Virtual Integrated Design

More RS232 Monitoring Hook-up Diagrams




There are different ways to connect RS232 devices for monitoring. Using RS232 Com Tool and/or RS232 Com Monitor to monitor RS232 communications allows us to use a combination of mother board port(s), ISA/PCI card port(s) or USB port(s) to set up a reliable and easy system.

There are a few reasons we may want to monitor RS232 communications.
The first reason may be that we are developing a program that uses RS232 to communicate with an embedded device. For debugging we could simply use RS232 Hex Com Tool to send commands from the PC to the embedded device and observe the response in the receive window.
After the embedded device is debugged and we are satisfied with it's performance we will need to observe the communication between the PC application and the embedded device with our monitoring application. We can use either RS232 Hex Com Tool or RS232 Com Monitor for half duplex but we must use RS232 Com Monitor (with 2 available com ports) for full duplex monitoring.
For this step we can either use the PC running the code we have developed to also do the monitoring or use an additional PC or laptop to monitor the communication. This decision depends on personal preference, the amount of data being transmitted and the speed. In general if data is constantly being transferred and the baud rate is over 56K a separate PC should be used. If we use the same PC to monitor our RS232 communications the setup could look like one of the following:

The first image shows that we are monitoring with full duplex capability and com port 1 is the port that our application is using. Com ports 2 and 3 could be either ISA/PCI ports or com port USB device(s), any combination can be used. One advantage to a USB system is the RS232 hub and com cable assembly are hot swappable, that is, they can be connected or disconnected from the PC/laptop on the fly and the PC/laptop doesn’t have to be shut down. For full duplex we need to use RS232 Com Monitor to show both sides of the communication.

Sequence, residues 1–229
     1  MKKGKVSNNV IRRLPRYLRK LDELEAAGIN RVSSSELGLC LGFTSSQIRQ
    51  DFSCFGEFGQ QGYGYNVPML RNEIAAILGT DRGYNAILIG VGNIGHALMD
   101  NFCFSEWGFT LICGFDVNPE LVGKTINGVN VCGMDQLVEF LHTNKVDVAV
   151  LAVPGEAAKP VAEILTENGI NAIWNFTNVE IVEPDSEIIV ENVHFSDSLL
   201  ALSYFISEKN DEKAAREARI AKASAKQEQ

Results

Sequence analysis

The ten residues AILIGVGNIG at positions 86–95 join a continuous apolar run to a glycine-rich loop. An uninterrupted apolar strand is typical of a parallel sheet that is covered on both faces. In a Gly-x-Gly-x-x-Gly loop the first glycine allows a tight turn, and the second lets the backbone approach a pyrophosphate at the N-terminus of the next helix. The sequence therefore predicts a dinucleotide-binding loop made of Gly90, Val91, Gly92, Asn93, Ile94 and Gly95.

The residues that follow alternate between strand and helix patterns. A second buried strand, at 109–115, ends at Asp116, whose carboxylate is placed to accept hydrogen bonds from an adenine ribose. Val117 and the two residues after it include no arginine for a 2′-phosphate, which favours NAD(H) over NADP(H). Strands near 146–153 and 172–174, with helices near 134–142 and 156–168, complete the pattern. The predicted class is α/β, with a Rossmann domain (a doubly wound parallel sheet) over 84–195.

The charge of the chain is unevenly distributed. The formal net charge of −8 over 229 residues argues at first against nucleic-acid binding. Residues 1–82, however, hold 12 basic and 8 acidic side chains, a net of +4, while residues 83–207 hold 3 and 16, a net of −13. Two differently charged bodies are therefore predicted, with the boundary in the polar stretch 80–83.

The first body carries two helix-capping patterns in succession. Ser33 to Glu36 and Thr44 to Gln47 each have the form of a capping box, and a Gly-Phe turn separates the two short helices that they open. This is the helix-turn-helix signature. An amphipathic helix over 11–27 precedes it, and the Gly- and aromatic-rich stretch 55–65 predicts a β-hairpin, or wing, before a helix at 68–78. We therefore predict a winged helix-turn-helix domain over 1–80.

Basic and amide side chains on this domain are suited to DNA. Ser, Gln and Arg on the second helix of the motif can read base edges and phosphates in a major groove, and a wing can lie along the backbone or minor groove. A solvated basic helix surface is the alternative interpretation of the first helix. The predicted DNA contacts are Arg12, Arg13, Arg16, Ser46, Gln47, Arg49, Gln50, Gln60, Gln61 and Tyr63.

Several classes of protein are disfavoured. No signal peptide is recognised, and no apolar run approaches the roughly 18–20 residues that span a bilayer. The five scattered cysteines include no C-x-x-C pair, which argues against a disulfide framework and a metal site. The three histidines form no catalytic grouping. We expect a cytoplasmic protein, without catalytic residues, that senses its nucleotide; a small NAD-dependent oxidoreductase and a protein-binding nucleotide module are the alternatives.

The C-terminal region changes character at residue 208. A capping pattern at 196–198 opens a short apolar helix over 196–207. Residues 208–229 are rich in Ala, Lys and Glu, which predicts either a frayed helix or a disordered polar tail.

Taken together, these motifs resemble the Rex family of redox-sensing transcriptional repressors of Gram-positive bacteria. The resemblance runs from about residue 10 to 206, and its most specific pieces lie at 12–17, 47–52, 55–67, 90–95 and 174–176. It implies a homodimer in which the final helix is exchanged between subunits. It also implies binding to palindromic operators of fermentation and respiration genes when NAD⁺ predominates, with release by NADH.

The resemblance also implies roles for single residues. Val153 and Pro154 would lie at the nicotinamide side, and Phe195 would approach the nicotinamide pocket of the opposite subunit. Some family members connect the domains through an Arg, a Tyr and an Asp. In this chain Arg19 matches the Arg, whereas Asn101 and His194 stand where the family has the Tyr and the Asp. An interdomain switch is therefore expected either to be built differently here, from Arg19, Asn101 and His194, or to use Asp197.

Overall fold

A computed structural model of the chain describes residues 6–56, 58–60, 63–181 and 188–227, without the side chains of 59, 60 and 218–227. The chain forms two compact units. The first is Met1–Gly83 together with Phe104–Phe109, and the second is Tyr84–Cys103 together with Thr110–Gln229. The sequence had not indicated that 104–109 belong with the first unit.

The second image shows half duplex being used. For half duplex communication we just need two com ports, one port for the application we are developing and the other monitoring. With this setup we can use RS232 Hex Com Tool for monitoring both transmitted and received data.




Another reason we might have to monitor RS232 data is that we already have an RS232 system in place but it is not functioning properly and we need to trouble shoot it. The following images show different setups showing the PC as the device used to run either RS232 Hex Com Tool or RS232 Com Monitor to view the data.






The last images show how USB can be used for our setups.

 

 


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